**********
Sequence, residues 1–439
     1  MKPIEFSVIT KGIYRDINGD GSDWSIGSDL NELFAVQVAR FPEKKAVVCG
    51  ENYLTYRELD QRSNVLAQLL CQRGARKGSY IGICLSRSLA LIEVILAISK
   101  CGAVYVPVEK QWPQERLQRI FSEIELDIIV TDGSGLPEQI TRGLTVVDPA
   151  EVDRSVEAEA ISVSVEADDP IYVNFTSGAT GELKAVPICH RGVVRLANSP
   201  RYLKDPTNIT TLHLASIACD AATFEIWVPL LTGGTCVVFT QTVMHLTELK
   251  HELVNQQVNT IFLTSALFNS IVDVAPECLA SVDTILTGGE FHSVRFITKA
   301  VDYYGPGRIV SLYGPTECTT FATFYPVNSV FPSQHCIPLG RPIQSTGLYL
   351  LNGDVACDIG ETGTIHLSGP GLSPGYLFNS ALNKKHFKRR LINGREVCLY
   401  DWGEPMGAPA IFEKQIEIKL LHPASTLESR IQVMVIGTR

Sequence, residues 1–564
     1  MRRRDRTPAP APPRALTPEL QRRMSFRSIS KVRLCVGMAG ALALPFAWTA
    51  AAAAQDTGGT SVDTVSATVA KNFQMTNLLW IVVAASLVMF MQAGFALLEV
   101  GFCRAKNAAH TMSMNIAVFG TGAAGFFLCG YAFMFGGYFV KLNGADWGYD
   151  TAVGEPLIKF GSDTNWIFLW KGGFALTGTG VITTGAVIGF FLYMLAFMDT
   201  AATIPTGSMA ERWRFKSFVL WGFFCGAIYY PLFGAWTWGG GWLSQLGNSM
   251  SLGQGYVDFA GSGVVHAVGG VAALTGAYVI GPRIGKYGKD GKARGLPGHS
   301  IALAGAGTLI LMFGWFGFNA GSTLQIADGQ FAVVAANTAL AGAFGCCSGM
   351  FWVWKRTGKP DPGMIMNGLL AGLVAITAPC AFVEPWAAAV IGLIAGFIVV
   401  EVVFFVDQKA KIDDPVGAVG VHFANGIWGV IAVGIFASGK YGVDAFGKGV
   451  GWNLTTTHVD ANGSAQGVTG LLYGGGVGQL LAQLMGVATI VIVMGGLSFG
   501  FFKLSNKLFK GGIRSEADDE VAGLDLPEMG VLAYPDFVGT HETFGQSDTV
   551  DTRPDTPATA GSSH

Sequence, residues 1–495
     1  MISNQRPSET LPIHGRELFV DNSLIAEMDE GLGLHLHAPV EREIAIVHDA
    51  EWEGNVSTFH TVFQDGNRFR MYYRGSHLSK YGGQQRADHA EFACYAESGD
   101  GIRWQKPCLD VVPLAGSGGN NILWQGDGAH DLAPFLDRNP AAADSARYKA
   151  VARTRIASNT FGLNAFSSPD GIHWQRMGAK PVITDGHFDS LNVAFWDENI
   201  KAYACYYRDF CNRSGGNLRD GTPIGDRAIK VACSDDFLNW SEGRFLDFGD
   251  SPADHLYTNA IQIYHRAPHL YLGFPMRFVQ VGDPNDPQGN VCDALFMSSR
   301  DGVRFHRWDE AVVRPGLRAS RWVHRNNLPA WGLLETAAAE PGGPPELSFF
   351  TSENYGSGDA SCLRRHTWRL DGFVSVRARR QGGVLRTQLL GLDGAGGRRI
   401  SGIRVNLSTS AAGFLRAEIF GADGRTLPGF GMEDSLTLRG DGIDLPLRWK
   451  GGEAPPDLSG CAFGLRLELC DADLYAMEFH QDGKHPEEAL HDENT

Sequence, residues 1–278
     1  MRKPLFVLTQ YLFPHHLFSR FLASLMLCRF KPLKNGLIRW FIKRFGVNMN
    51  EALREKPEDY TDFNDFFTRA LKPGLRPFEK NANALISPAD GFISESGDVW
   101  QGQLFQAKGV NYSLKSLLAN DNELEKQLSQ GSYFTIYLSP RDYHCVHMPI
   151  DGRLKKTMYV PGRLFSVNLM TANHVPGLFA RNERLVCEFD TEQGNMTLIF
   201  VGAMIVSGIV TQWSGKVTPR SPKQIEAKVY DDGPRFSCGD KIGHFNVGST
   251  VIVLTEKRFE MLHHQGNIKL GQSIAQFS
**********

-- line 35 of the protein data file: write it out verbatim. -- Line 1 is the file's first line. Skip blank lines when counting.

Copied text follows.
Sequence, residues 1–278